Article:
Hydrogen Bonding Effects at Various Levels

Hydrogen Bonding - PD Wikimedia Commons by Isilanes
Hydrogen Bonding – a DNA step.
Hydrogen bonding ranges from simple interactions to protein folding and the double helix of DNA.

Atoms bond to each other in a variety of ways. Among these are ionic bonds. Ionic bonds feature electron transfer between atoms. Then there are covalent bonds. These share electrons between atoms. There are also and metallic bonds. These consist of a matrix of atoms interlaced with mobile valence electrons.

In addition to these major forms of bonding, there are weaker yet highly important bond types. Foremost of these are hydrogen bonds.

Description

A hydrogen bond is a tenuous electrostatic attraction between an already bonded atom of hydrogen and a second (electronegative) atom. These two atoms can be located in the same molecule or different molecules.

Bonding between different molecules, it is intermolecular. Bonding within the same molecule, it is intramolecular. The length of a bond suggests its strength. A strong bond is short. Hydrogen bonds are shorter than van der Waals bonds. But they are longer than covalent and ionic bonds.



Intermolecular Hydrogen Bonding

The foremost example of H-bonding is water. A hydrogen atom of one water molecule bonds to the oxygen atom of another water molecule. The second hydrogen atom can bond with the oxygen of a third molecule. And so on.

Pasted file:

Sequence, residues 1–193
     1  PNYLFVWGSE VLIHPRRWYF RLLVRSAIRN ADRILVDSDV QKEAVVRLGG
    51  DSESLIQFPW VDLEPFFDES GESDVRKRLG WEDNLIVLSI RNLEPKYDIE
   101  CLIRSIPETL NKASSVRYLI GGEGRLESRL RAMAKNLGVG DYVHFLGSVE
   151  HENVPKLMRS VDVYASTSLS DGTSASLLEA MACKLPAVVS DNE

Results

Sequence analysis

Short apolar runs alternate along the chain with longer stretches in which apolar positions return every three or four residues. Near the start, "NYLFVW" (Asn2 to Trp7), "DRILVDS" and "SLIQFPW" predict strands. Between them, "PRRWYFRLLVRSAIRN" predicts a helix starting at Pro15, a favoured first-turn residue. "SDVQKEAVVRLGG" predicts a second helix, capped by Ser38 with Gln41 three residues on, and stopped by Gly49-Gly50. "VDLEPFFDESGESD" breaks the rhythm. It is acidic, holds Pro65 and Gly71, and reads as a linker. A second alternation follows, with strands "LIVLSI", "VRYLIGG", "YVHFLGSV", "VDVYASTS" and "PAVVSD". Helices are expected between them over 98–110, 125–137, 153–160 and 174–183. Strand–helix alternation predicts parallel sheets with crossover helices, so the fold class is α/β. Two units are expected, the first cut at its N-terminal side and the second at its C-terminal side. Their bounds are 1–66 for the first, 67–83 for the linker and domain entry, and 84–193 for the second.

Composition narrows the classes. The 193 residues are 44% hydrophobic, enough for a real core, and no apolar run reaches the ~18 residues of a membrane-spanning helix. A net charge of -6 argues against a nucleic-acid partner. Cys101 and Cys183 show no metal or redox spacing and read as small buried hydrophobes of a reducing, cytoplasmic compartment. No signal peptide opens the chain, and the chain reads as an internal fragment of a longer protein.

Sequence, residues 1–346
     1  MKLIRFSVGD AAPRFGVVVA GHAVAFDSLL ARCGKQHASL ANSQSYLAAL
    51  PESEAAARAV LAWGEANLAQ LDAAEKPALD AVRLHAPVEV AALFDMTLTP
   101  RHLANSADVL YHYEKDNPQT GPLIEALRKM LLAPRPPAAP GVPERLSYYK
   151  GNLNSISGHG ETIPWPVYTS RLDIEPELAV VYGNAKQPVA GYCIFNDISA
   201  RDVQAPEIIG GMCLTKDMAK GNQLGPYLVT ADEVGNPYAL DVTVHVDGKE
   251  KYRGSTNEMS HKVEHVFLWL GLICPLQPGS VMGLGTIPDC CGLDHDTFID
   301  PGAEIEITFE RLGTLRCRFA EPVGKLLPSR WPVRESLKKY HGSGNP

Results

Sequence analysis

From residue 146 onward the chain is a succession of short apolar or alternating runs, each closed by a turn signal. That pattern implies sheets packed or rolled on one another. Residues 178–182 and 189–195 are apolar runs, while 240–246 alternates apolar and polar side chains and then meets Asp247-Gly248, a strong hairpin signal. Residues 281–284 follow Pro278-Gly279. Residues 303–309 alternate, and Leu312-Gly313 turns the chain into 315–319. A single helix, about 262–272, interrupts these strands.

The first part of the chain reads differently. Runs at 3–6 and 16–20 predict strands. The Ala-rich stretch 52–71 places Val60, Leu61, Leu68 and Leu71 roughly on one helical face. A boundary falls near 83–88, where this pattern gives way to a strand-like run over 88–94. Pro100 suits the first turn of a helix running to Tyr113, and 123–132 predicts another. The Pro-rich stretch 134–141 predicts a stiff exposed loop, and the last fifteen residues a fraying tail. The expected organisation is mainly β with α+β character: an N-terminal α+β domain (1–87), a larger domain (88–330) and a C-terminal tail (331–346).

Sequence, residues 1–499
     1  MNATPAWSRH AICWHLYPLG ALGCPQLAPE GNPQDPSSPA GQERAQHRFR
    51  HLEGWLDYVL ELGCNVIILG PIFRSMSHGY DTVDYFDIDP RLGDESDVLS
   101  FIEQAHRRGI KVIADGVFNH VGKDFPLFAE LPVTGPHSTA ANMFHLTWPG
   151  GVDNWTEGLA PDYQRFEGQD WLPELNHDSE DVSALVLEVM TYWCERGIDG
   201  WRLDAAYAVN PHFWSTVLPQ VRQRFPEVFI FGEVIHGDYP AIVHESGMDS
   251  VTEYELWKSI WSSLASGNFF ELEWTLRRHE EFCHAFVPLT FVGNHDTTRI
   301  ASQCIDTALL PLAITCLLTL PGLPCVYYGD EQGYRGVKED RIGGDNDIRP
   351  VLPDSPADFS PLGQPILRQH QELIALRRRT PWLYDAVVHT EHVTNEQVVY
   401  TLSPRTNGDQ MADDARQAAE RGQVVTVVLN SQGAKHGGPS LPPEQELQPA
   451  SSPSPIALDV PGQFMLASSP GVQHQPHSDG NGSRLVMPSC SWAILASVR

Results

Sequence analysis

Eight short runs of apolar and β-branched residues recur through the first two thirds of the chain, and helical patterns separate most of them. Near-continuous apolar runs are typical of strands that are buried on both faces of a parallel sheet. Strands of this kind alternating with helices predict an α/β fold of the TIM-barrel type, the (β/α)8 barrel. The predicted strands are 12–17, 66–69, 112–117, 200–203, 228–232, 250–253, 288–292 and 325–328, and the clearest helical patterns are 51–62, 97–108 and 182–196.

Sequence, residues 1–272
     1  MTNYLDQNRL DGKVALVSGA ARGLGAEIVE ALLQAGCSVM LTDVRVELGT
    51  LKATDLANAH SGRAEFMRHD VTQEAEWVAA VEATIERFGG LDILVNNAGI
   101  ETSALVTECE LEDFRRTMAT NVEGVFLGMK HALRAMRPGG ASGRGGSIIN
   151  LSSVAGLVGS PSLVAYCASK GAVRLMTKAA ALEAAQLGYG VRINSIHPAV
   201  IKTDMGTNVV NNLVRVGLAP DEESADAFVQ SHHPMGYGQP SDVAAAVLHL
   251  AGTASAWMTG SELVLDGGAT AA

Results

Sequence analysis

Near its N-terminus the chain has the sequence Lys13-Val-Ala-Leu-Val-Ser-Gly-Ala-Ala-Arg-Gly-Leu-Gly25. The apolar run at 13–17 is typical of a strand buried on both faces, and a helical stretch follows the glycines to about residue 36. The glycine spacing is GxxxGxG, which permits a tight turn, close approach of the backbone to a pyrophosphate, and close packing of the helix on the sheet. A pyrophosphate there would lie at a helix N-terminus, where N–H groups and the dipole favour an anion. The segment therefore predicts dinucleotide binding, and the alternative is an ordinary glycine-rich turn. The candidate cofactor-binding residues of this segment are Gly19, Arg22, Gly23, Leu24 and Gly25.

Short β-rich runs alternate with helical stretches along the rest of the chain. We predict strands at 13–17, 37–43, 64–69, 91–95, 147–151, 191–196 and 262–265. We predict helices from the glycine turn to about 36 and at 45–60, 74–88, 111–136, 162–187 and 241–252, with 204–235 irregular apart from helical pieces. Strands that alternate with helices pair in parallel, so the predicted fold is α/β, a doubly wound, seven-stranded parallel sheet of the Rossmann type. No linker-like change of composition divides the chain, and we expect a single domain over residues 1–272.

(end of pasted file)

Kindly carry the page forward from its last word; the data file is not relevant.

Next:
Interestingly, under the special conditions of freezing and pressurization, all hydrogen to oxygen bonds in water can be made to approach equality. This is called symmetric hydrogen bonding. In this, each bond possesses a measure of covalent character.

Intramolecular Hydrogen Bonding

An example of intramolecular bonding is 2-cyanoethanol, HO-CH2CH2-CN. The hydroxyl hydrogen (the H of the HO- group) is electrostatically drawn to the nitrogen of the cyano group (the N of the -CN group).

The result is a loosely flexible six member ring with the skeleton H-O-C-C-C-N. The other hydrogen atoms are attached to the two central carbon atoms. Intramolecular bonding can position atoms to favor one kind of reaction over another.

General Effects of Hydrogen Bonding

Since intermolecular hydrogen bonds bring molecules closer together, liquids increase in density. It requires energy to disrupt these bonds, so the liquids have a higher boiling point.

Hydrogen bonds, though flexible, distort molecules into specific positions. Hydrogen bonded compounds experience greater water solubility.

Polymer and Macromolecule Effects of Hydrogen Bonding

In biologically active macromolecules, hydrogen bonding contributes to more complex levels of structure. These include protein folding. And parallel hydrogen bonding (H-bonding between two linear structures) increases strength in fibers such as cellulose.

References: ← Back to Classic Science
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